Phrase book vs. Grammar book

Spanish Phrase book and grammar book

The books I have been using

In my entry last week, I mentioned that I discovered two ways of learning Spanish – by memorizing phrase books or by understanding grammar books. I guess it applies not only to learning Spanish but also to any language.

Now to explain it, let me make things clearer first. A phrase book will normally be divided into chapters for each occasion that needs a conversation – eating, shopping at the mall, taking the public transport, being sick, asking for directions, etc. Inside each chapter will be a list of commonly used phrases and expressions. It doesn’t include unexpected events or elaborate conversations. In a phrase book, you’d probably see translations of the line:

How much is this shoe?

But you will rarely find a translation for:

Can I get a shoe that is one size larger and of a different color?

A grammar book, on the other hand, will be divided into chapters corresponding to the elements of grammar – nouns, adjectives, adverbs, pronouns, sentence construction, and grammar agreement, among many others. Each chapter will most likely include tables of different verb forms for each verb tense, like present, past, and future tenses. The grammar book works similarly to how we learned English in school – the teachers taught the rules and exercises or exams followed for practice. In school, we learned how to express words that already happened (past tense), are happening now (present tense), and will happen (future tense). Grammar books work the same way. Using a grammar book takes time. It might also confuse you because of the many verb tenses that you have to memorize since only one or two letters change.

So which one is the best method for learning?

I believe it varies, depending on the need and the time frame allotted for learning. If you’re just travelling abroad for a single, short travel, then a small phrase book is already good to bring since you’d probably just be asking the basic questions and speaking the commonly used phrases. But if you’re just plain curious (like me!), I suggest trying the grammar book for a better learning experience. See, I measured my learning progress by my ability to speak in casual conversations or to write short compositions. A phrase book may help at first, but as the conversation goes on, you’ll need more than just the basic “Hi! My name is Hazel. I live in the Philippines.” to keep up with it!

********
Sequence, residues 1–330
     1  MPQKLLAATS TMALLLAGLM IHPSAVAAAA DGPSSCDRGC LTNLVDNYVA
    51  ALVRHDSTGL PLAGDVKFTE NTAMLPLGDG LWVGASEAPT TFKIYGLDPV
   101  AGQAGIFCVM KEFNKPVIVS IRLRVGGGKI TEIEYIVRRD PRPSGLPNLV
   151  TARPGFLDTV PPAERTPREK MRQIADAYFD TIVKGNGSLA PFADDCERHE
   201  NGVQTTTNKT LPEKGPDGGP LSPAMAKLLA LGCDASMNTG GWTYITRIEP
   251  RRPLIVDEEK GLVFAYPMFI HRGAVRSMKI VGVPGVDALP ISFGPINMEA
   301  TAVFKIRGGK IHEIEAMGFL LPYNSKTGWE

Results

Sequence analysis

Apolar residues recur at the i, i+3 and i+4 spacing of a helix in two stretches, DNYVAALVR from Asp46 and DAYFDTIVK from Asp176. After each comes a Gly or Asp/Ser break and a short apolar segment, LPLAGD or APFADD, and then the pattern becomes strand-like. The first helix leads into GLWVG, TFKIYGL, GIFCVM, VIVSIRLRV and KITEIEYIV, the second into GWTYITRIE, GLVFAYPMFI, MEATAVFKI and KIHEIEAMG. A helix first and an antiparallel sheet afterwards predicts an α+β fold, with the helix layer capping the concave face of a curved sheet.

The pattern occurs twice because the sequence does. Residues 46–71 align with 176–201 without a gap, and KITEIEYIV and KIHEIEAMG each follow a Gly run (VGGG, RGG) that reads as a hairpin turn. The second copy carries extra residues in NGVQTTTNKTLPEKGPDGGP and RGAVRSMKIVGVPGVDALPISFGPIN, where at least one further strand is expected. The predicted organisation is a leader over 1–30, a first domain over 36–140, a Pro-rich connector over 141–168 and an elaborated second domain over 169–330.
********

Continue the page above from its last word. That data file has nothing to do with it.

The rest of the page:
Understanding the grammar books will help you understand the language down to the basic elements that you need so you can make your own sentences. When you’ve already mastered even just the basics (past, present, future tenses), you can already compose just about any sentence you want! That’s more fulfilling than being limited with specific sentences, right? Well, that’s just my opinion though.

A dictionary is also a good companion to the grammar book or phrase book. You can never go wrong with a dictionary in your pocket. In addition, regular practice will always, always help in being good at a new language. When I took Spanish classes, we were asked to listen to Spanish songs and make short skits to practice what we just learned. There’s a Spanish school in the Philippines, Instituto Cervantes Manila, which holds their lessons in pure Spanish too. That’s more challenging but I guess it will help you get used to using the language faster.

(Editor’s note: Singapore has no Cervantes Institute, but an associated centre. We have an exclusive deal with them. Contact them before joining and you’ll get a free dictionary at Las Lilas Spanish Language School )

In the end, it doesn’t matter which method you choose. With a little patience and dedicated practice, you’ll surely go a long way with learning a new language!

About Hazel Fajardo

Based in the Philippines, Hazel is a student of chemical engineering with a broad interest in life around her. She has been teaching English as a Second Language and loves photography and diving.